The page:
Coming to South Africa is coming full circle for the Cowboys. This is where it all started. We were born South African and grew up during some of the more turbulent times in the country's recent history. In 2001 we set out to see the world and broaden our horizons. We are still on that journey, and it is ironic to come home eighteen years later to find it a place very much the same as the one we've left behind, yet very different - good different - in many respects.

The international perspective of South African travel is mainly negative due to news coverage about safety, corruption, and ongoing conflict. It is an out-of-the-way destination with concerns for the traveller. It is why the destination is unfortunately frequently moved to the bottom of the travellers' priority bucket-list.

Mexico is similar in that it offers phenomenal vacations and experiences to travellers and at the same time it is also marred by adverse news reporting related to safety and corruption. The difference is that Mexico succeeded in positioning its travel and tourism products by addressing these concerns. They've done it through all-inclusive packaging, offered to the travel trade, and marketed accordingly. Travellers' concerns are addressed through "white-glove" handling in a controlled manner, from the moment they step off the aeroplane until they are safely back at the airport's departure hall.

South Africa offers as much, if not more, at an equally competitive rate. Wildlife, culture, cuisine, natural beauty, history, human capital and yet, it hasn't even started to fire up its tourism machinery. It lacks packaged products that overcome travellers' concerns and that are competitively positioned and highly rated. If you compare its positioning and messaging to other similarly developing world destinations, it definitely has the opportunity. It is now merely a matter of South Africans grasping it.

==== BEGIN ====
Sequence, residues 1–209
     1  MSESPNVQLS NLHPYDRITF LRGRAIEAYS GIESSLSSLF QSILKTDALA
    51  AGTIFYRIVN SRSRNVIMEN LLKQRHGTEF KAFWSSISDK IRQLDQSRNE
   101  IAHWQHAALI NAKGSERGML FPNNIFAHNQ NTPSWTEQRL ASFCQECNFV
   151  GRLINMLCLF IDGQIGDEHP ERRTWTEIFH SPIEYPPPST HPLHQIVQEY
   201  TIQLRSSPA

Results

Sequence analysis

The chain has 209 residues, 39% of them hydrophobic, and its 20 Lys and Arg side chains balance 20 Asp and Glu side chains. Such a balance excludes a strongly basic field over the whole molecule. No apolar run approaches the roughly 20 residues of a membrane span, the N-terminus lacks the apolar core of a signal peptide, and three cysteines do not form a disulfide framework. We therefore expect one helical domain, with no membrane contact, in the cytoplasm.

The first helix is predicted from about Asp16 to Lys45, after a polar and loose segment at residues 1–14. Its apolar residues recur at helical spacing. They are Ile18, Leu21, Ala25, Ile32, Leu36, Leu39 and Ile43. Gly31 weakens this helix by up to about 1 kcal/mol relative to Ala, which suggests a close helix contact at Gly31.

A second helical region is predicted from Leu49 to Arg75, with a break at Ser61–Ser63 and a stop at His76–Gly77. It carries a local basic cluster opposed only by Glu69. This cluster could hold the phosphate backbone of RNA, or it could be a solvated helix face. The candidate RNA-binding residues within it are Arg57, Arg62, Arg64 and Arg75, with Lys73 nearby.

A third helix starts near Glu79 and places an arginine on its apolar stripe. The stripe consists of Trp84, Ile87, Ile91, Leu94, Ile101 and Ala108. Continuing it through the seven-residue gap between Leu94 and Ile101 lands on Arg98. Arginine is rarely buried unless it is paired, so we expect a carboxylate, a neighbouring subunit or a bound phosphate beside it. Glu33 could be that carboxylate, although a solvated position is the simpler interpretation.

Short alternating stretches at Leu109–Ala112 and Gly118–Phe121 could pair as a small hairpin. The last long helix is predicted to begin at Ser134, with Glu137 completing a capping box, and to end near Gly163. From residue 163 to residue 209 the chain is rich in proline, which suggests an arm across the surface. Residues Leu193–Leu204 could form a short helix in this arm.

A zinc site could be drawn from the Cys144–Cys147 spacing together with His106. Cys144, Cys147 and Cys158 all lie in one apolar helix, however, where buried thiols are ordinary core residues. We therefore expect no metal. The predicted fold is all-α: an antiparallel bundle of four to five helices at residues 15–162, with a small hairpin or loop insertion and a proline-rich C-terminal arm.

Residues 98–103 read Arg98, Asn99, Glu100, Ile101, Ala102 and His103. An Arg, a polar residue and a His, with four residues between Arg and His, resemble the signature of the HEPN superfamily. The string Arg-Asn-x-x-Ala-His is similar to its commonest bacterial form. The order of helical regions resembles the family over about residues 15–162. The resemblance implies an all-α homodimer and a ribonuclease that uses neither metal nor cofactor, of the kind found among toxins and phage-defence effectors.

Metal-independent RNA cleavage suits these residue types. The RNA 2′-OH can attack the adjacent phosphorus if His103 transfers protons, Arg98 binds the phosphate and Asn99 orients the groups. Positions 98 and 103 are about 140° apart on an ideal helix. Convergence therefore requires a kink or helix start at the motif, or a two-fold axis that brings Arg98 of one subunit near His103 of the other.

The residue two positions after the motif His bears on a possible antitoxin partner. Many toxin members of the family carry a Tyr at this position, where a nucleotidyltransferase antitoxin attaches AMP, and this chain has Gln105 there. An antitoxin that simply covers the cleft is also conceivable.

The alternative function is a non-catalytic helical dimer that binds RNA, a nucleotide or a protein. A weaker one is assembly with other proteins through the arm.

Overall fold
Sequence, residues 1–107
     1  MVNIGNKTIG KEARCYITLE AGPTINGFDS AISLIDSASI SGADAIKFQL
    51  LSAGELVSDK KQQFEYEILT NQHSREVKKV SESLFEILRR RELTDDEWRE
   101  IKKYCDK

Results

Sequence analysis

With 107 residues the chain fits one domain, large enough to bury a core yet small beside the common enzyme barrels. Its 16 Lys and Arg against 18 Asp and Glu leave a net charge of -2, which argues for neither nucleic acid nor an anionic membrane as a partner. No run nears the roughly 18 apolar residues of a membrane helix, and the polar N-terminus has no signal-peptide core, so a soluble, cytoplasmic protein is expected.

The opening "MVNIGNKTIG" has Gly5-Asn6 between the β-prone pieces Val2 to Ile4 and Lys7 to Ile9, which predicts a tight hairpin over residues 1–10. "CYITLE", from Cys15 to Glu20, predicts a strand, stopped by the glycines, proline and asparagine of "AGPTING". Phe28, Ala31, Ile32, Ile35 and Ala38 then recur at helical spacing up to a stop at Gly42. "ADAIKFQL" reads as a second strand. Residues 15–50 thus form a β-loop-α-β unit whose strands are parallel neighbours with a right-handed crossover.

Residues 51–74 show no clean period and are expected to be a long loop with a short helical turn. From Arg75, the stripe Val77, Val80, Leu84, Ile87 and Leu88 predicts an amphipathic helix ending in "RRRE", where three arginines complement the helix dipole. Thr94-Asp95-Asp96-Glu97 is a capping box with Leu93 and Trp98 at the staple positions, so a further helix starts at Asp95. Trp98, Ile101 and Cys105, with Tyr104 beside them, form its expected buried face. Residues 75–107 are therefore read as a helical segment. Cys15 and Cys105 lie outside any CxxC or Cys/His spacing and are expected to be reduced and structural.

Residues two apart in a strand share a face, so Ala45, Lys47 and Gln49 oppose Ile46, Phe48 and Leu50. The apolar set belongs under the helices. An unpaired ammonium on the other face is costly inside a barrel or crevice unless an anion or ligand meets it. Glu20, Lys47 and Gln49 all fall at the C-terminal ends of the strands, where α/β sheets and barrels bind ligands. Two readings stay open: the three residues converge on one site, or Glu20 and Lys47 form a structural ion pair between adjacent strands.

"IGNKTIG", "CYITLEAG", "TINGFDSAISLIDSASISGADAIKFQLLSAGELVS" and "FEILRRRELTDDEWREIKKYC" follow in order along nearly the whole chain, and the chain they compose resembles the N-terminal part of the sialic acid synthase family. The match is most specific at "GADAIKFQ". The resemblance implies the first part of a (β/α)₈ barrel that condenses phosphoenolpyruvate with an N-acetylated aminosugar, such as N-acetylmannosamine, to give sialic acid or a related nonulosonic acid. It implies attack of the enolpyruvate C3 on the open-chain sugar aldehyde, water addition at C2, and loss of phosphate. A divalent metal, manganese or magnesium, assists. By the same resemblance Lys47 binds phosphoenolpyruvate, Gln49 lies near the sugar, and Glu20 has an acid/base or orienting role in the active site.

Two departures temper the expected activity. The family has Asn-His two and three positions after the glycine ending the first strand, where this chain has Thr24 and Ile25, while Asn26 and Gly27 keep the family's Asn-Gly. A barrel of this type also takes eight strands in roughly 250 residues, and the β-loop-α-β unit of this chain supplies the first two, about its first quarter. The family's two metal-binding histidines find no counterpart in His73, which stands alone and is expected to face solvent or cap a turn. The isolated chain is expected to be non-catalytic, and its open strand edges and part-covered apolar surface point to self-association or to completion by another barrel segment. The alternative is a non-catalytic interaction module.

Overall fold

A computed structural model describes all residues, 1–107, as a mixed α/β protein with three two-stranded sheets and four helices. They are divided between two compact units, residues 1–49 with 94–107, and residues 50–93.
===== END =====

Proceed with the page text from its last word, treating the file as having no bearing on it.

The Two Cowboys hope that we can play a small role in promoting this unique destination, its businesses and its people. We will be sharing content about our experiences. With our travel partners, we will be bringing you along for an incredible journey.

This is how our tour of South Africa started at one of the happy places we enjoyed as children, ATKV's - Klein Kariba Resort in Bela-Bela.

ATKV - Klein Kariba

Klein Kariba has a lot to offer as a typical South African family resort. It is a beautiful setting close to the main cities of Gauteng, with great weather, wildlife, beautiful camping, chalets, glamping tents, and hot and cold swimming pools. It has been a must-do family vacation spot for as long as we can remember. The resort continues to be a local favourite. Weekends and holidays are packed with visitors. Some have been patrons for generations.

I know the place well. After frequent trips tenting there during the early 1990s, I eventually wooed and married my wife at Klein Kariba, 26 years ago.

Our favourite spot at the resort, then and it still is now, must be the restaurant, Koswerf. “Koswerf” is the Afrikaans term for an outdoor kitchen or cooking area. This one is unfortunately mainly indoors. However, with the beautiful weather of the Waterberg Region, there is ample opportunity, all over the resort, to partake in cooking outdoors. Wherever you turn, the iconic cultural pastime called "braai" (cooking over an open fire outdoors) happens spontaneously, every day for breakfast, lunch and dinner.

We were fortunate to be hosted by Riaan Maritz and his team. They reluctantly handed us the keys to the pantry, and we kicked off our week cooking up a storm in the Koswerf’s kitchen. On our menu was a Cuban-style Arepa with a South African Peri-Peri Chicken Livers and Mango-Salsa twist. To round it off, we were introduced to the local tropical passionfruit samba sensation of Pang!! (more about this later).

In turn, they reciprocated with a Biltong Potjie (a risotto-like stew made with a lot of cream and cheese, and cooked over an open fire). We lubricated festivities with Caipirinhas as it was our turn to quench the thirsts.

When you visit ATKV - Klein Kariba, the resort has a lot to offer at its facilities. However, it is easy to miss some of the many attractions and other rich offerings of the Bela-Bela area. Klein Kariba sees its responsibility not only to be a destination of choice but to also encourage visitation around the area. That is why Riaan introduced us to M Court Township Tours. They afforded us an eye-opening opportunity to experience some of the curiosities that make up everyday life in a typical township in South Africa. We even tasted the local beer they brew (no license or permit required) and ate mopane worms and pap!